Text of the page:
On Mr. Scammon’s return from Europe, in 1860, he found from $8,000,000 to $10,000,000 of depreciated Illinois bank notes in circulation, they having driven out of general use the bills of such of the other Illinois banks as were accessible to demands for redemption. Much of this circulation was secured by the deposit of bonds of the Southern States, which had also become depreciated. Mr. Scammon zealously endeavored, through the Bank Commissioners and otherwise, to diminish this circulation and get rid of the doubtful currency. He at length succeeded in getting an order for that purpose, which would have accomplished the desired end if it had not been rescinded or postponed by the subsequent action of the Commissioners.
On taking his seat in the Legislature, January, 1861, he introduced a bill which, after having been opposed during all the early weeks of the session by those interested in the ” wild cat ” or depreciated currency, was substantially adopted and became a law. This act, by requiring a central redemption, would have restored a good currency, had not the depreciation of the bonds of the Southern States, under the impending danger of rebellion, destroyed the principal security for the redemj^tion of the notes of all the Illinois banks. Those of the banks which survived the crash, under the provisions of that law, furnished a satisfactory currency until the national banking-law supplanted all other bank bills by a national currency. The enemies of Mr. Scammon endeavored to place the odium of bank failures in Illinois upon him, and to identify him with a depreciated currency, when, in point of fact, nearly every amendment to the banking law increasing the security of the bill-holders and of the public, and the entire law against illegal currency in this State, originated and was prepared by him.
While engaged in banking and railroad matters, he never failed to contribute his full share to the development and improvement of the city of Chicago. He has expended hundreds of thousands of dollars in substantial improvements, and always responds liberally to every demand for the advancement of the permanent prosperity of the city.
Since the disasters of 1860-61, Mr. Scammon, though constantly doing a large business, seems to have devoted his energies more to the preservation and maintaining of his institution than to an extension of its business, and he has made no effort for new customers, contenting himself with pursuing the even tenor of his way.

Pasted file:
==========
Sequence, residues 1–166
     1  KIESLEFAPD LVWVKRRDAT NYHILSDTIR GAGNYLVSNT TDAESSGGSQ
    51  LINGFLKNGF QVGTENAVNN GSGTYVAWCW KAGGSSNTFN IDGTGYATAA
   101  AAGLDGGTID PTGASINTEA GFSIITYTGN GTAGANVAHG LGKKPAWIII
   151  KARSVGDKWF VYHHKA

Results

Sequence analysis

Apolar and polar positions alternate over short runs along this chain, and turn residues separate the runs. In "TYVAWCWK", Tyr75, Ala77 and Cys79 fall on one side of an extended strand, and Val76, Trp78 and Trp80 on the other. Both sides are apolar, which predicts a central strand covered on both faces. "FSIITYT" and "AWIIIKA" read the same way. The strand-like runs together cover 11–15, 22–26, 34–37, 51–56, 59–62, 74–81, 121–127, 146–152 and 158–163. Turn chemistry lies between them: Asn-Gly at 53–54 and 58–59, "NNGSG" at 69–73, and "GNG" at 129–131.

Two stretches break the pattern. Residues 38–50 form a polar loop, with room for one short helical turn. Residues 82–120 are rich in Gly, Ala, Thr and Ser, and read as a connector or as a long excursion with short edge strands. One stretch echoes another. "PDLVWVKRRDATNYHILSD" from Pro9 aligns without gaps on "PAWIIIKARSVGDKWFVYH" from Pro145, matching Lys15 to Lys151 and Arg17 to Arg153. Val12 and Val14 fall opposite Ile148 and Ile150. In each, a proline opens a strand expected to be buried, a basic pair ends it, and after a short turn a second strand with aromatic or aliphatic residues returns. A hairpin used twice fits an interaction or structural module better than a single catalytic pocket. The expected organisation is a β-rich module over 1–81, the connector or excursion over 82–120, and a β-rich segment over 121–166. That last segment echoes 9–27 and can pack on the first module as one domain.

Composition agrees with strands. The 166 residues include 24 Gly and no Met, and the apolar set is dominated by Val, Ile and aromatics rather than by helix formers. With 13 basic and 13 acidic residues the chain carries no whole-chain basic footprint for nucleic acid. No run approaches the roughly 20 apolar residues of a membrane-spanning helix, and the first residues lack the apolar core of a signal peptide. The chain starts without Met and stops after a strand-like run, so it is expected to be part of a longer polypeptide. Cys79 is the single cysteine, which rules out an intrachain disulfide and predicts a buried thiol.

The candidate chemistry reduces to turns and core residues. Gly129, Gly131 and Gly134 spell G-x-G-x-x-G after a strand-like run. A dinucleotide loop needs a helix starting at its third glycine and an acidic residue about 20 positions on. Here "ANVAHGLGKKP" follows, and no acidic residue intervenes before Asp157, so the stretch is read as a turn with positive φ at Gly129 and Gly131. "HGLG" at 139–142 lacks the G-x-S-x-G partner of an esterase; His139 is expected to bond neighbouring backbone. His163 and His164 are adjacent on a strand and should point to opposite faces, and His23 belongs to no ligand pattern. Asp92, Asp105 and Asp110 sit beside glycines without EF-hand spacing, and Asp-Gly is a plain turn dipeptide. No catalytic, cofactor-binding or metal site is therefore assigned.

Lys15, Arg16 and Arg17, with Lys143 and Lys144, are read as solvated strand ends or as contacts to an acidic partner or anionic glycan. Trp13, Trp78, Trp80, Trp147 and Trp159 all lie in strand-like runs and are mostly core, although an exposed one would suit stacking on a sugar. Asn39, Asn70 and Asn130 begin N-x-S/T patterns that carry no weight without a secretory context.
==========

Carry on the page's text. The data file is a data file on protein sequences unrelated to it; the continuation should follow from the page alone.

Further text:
As a lawyer, Mr. Scammon has always had a commanding position at the bar of Illinois. From the day he first hung out his shingle in the Clerk’s office until this time, though engaged in a variety of other and engrossing pursuits, he has maintained his identity as a leading member of the legal profession, and the firms of which he has been a member have enjoyed a large and lucrative business. When he first commenced business in Chicago every one was a speculator, and the majority looked forward to riches acquired in that manner rather than by assiduous labor. He declined all offers to enter that business, and applied himself arduously to his profession. His ability soon won for him the attention of the public, and his fidelity and promptness in paying over his collections were followed by the unlimited confidence of his clients—a confidence which was subsequently of great value to him as a banker, and which he has retained under all circumstances since then. He has made integrity the first consideration in all his dealings with his fellow men; his word is as sacred as his bond, and his credit as a banker and as an attorney he has made superior to all mere personal advantages or conveniences. His approval or endorsement of a financial scheme is sufficient to give it character with the public, and this, because he has never swerved on any occasion from the strict line of scrupulous fidelity to the trusts and confidence reposed in him.